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Tyne and Wear HER(7012): Houghton-le-Spring, Davenport and Lilburne Almshouses - Details

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Houghton-le-Spring, Davenport and Lilburne Almshouses



Health and Welfare


Post Medieval


Extant Building

Almshouses, now two separate dwellings. Dated 1668, restored c1978. Erected in 1666 by George Lilburne, Governor of Kepier Grammar School, for poor people in the parish. The building would accommodate 3 people. The south wing was added at the southern end following a bequest of £160 in the will of Rector George Davenport 1644-1677. The extension could accommodate another 3 people. In 1908 Robert Surtees described the building as 'low and uniform, consisting of a centre and two wings, and containing six comfortable chambers'. Coursed squared sandstone, pantiled roof. E-plan. One storey. Central door under flattened Tudor arch. 3-light mullioned windows either side. Flat stone gable coping and two chimneys. On the north wing the tablet below the Lilburne crest reads 'GEORGE LILBURNE ESQ. BUILT THE MOIETY OF THIS HOSPITAL AT HIS OWN CHARGE, AND ENDOWED IT WITH TEN POUNDS PER ANNUM FOREVER FOR THE MAINTENANCE OF THREE POOR PEOPLE. ANNO DOM 1668'. Dorothy Spearman, later Fenwick gave an annual payment of £18 to the Lilburne wing of the almshouses when her Uncle Reverend William Sharpe (vicar of Longburton in Dorset) left his estate to her in his will. She had found some papers with his will that showed that he had intended to be a benefactor of the almshouses. There is a tablet on the south wing that reads: 'THE CHARITABLE INTENTION OF THE REVEREND WILLIAM SHARP M.A. CARRIED INTO EFFECT BY MISS DOROTHY SPEARMEN HIS HEIRESS BY WILL, ADDED TO THE REVENUES OF THE ALMSHOUSE £18 PER ANNUM'. Further endowments were provided by three of Houghton's rectors: Henry Bagshaw (1677-1709), Sir George Wheler (1710-1723) and Thomas Secker (1723-1726); from Alfred Merle Norman, Dame Isabella Carr and William Carr, John Frankeln and Mrs E R Challoner of Warden Law. The almshouses were listed in 1950. Even as late as 1965 living conditions in the almshouses were poor. Each resident has one room with a fireplace and oven. There was no electricity, just gas lamps. There was no bathroom. The toilets were in a yard at the back. In 1976 the Kepier Almshouse Charity (still in existence) was founded. In 1978 restoration works were carried out with grant aid. The building was entirely re-roofed with pantiles, parts of the walls were rebuilt, and the eaves strengthened. The building was converted into two dwellings. LISTED GRADE 2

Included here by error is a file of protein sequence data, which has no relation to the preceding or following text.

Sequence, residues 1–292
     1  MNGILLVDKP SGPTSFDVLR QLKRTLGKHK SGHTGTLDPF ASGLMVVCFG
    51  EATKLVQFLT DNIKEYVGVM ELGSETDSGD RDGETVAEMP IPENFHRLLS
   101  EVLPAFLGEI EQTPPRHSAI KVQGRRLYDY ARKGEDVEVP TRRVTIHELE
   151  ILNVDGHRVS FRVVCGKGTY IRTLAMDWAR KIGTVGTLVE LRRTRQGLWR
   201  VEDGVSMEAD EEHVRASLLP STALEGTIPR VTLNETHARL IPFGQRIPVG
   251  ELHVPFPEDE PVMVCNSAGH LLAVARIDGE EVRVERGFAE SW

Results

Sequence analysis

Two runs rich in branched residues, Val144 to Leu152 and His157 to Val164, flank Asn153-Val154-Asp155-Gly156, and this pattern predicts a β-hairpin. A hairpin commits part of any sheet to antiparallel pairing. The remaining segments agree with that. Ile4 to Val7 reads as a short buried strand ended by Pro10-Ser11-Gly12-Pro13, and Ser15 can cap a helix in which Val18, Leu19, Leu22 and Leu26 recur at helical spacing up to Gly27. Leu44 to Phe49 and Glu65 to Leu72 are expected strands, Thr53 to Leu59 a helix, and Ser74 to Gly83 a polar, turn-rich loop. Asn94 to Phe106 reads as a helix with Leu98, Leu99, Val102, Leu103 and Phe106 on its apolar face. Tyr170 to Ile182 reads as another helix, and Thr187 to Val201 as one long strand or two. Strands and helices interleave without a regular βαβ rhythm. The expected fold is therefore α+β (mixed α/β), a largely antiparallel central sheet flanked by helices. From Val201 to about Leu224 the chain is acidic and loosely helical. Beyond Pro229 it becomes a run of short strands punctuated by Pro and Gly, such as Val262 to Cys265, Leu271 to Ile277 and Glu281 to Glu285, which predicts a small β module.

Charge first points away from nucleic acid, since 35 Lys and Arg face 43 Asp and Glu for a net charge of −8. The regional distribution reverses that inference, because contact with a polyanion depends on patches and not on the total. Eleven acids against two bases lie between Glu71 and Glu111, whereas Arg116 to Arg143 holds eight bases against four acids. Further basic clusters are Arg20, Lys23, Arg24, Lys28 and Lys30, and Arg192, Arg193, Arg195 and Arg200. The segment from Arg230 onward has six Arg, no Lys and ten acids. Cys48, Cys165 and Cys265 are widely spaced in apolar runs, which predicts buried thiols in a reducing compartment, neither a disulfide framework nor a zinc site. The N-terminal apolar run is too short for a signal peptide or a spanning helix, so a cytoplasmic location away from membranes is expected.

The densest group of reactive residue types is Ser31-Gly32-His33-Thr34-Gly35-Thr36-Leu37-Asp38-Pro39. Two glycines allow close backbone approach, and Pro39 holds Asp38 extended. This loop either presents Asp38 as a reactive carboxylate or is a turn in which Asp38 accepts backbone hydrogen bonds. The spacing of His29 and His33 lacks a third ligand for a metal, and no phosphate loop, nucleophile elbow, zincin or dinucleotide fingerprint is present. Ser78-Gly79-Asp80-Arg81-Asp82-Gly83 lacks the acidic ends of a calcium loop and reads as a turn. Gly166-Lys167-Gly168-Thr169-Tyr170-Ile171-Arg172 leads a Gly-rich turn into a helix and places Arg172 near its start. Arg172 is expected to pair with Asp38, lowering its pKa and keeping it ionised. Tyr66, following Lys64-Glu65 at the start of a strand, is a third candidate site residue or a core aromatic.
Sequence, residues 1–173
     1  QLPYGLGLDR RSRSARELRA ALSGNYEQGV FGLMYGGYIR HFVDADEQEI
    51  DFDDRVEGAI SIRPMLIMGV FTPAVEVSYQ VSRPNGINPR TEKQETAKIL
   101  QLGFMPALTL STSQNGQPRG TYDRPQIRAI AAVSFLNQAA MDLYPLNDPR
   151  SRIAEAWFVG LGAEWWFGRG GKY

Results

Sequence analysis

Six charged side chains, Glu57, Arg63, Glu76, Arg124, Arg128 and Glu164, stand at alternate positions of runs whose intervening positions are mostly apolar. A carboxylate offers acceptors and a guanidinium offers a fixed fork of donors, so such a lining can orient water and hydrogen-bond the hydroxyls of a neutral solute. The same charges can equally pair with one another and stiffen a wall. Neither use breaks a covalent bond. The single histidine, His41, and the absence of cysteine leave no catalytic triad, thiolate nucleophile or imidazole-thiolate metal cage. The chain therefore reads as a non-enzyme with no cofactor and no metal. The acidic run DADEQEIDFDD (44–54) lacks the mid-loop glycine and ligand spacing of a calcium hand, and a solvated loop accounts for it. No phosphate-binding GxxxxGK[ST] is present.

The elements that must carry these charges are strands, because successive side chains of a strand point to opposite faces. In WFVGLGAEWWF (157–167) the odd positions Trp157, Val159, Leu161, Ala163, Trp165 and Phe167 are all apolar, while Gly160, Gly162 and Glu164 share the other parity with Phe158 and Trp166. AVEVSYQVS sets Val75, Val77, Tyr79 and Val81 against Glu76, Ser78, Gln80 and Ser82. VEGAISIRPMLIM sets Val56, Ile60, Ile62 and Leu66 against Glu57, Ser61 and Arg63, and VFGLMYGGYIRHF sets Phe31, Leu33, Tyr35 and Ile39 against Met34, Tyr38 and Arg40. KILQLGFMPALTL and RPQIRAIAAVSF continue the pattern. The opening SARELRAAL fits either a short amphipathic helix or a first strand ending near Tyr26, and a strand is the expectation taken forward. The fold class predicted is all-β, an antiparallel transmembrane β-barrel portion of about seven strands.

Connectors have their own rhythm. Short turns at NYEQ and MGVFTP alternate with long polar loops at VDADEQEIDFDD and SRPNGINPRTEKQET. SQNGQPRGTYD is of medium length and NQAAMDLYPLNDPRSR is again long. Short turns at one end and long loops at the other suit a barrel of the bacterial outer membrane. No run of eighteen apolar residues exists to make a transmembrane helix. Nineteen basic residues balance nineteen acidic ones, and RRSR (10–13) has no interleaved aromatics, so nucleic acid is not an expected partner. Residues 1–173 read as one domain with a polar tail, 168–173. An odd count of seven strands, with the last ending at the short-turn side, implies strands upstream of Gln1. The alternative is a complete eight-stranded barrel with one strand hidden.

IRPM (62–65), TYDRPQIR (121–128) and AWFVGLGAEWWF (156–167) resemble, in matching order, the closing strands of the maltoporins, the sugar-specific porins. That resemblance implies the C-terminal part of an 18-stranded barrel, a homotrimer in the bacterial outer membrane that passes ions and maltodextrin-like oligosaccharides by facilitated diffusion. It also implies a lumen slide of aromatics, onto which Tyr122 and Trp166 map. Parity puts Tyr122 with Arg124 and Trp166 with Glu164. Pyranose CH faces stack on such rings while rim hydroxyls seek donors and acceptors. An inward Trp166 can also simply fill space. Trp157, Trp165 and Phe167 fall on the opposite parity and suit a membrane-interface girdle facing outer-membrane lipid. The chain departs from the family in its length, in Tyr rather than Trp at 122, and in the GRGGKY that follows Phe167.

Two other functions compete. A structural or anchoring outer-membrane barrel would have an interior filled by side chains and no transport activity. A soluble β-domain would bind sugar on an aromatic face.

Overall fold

Department of National Heritage, List of Buildings of Special Architectural or Historic Interest, 7/22; Paul Lanagan, 2012, The Almshouses,; C.A. Smith, September 8th 1960, Almshouses have withstood the ravages of time for 300 years [held by Sunderland Antiquarian Society; Whellan, W, 1856, History, Topography, and Directory of the County Palatine of Durham

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